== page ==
The Proof of Concept is not a detailed function/feature check to identify each mouse-click or option in the system. During the implementation, these details might come up. It is important in a Proof of Concept to understand the big picture and not to get lost in the details. As human beings we tend to focus on what does not work, not realizing that probably over eighty-ninety percent works according the needs
Do not expect the ultimate To-Be scenario demonstrated during the Proof of Concept. The Proof of Concept is a learning stage for both the company and the implementer to imagine the best possible scenario. PLM systems are generic and likely they will not provide a similar configuration and functionality matching your environment. At this stage validate if the primary capabilities are there and if there are gaps.
Do not run a POC with a vendor (only). This might be one of the most critical points for a POC. A PLM software vendor’s target is to sell their software and for that reason they often have dedicated presales teams that will show you everything in a smooth manner, overwhelming you with all the beauty of the software. However after the POC this team is gone and you will have to align yourself again with the implementation partner, trying to match again your business needs and their understanding.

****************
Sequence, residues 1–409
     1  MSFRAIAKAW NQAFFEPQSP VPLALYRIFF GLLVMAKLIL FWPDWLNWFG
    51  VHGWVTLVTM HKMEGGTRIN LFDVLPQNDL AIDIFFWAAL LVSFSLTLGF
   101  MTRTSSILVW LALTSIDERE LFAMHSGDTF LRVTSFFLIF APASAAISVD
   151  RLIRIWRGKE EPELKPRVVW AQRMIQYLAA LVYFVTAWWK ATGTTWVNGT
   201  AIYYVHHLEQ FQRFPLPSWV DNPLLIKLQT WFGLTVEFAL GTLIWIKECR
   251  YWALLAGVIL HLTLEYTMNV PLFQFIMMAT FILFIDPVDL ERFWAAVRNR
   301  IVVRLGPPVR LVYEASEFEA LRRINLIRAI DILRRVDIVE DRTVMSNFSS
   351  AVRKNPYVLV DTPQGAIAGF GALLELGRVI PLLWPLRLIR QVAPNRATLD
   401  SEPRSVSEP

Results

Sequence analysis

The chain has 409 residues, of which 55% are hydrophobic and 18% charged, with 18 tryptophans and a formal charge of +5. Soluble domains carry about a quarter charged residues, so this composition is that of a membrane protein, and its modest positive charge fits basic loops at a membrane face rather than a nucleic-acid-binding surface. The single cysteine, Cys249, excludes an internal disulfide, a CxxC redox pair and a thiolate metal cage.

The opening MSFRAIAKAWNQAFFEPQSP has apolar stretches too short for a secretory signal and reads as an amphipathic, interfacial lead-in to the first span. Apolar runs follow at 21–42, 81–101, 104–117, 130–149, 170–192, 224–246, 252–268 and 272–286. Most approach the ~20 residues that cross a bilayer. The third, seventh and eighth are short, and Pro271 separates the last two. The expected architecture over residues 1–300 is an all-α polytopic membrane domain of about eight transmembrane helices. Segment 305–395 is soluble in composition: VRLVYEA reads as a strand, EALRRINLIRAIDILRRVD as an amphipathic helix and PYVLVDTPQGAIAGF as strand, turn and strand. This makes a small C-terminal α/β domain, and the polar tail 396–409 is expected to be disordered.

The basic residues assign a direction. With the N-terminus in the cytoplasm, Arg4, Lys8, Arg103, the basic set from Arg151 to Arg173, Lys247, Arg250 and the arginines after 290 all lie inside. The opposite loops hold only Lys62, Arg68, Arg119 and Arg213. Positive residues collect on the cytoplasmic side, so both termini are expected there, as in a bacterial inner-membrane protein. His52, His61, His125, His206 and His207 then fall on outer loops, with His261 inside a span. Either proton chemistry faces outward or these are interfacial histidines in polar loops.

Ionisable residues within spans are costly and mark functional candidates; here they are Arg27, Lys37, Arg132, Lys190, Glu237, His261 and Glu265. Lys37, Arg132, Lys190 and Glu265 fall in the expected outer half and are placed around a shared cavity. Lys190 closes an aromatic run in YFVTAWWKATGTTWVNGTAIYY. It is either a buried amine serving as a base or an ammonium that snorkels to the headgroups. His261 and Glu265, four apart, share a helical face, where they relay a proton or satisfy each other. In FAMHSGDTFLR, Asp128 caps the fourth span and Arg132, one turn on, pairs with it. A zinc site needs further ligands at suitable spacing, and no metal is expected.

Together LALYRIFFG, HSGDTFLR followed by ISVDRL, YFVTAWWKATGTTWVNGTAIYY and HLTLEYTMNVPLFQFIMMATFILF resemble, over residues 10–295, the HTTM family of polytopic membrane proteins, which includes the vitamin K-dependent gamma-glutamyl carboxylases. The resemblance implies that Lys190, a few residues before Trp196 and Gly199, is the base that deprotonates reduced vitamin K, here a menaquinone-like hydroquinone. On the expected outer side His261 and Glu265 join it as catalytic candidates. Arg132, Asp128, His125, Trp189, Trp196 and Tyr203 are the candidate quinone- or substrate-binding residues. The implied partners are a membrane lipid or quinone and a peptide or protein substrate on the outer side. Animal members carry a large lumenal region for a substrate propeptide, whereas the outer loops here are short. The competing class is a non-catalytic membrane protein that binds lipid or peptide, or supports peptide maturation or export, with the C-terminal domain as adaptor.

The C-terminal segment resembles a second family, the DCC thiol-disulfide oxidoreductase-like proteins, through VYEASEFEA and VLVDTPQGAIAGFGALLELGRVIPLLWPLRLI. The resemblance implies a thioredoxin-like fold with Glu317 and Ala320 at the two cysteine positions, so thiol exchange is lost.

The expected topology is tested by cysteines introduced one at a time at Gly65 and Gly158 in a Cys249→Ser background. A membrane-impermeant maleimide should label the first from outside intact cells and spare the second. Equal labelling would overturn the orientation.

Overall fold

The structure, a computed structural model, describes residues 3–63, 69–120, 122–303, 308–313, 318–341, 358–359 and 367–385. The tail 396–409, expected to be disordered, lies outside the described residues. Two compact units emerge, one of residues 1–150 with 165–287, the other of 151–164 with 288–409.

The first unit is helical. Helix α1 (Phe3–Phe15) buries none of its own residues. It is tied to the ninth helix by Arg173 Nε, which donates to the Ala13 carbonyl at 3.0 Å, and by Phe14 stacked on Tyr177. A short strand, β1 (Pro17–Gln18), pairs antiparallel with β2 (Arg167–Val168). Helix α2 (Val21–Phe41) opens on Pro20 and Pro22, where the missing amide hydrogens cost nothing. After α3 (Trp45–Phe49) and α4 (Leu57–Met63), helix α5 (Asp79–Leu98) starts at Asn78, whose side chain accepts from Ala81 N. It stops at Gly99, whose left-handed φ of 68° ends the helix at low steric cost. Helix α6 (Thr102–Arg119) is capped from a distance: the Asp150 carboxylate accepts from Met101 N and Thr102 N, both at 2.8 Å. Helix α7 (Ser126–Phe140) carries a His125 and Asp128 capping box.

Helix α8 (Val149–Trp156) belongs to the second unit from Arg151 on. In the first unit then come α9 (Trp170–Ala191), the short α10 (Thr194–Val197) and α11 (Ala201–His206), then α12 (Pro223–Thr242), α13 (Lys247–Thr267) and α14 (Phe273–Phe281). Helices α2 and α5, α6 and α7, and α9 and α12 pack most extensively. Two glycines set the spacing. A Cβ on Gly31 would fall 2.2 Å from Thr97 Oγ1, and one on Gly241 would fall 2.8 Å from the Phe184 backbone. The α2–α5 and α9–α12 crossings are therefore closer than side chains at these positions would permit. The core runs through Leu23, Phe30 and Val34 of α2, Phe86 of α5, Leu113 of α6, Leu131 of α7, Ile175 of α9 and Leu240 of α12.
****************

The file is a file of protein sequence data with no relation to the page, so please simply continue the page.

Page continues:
Realize – you get what you are asking for. This is more a Do-and-Don’t message packed together. A Proof of Concept phase is a point where companies get to know each other. If you are not focused, do not expect the implementer / vendor to be committed. A PLM implementation is not product. It is a business transformation supported by products and services. Do not treat PLM implementers and vendors in the same way, as your customers treat you (in case you deliver products).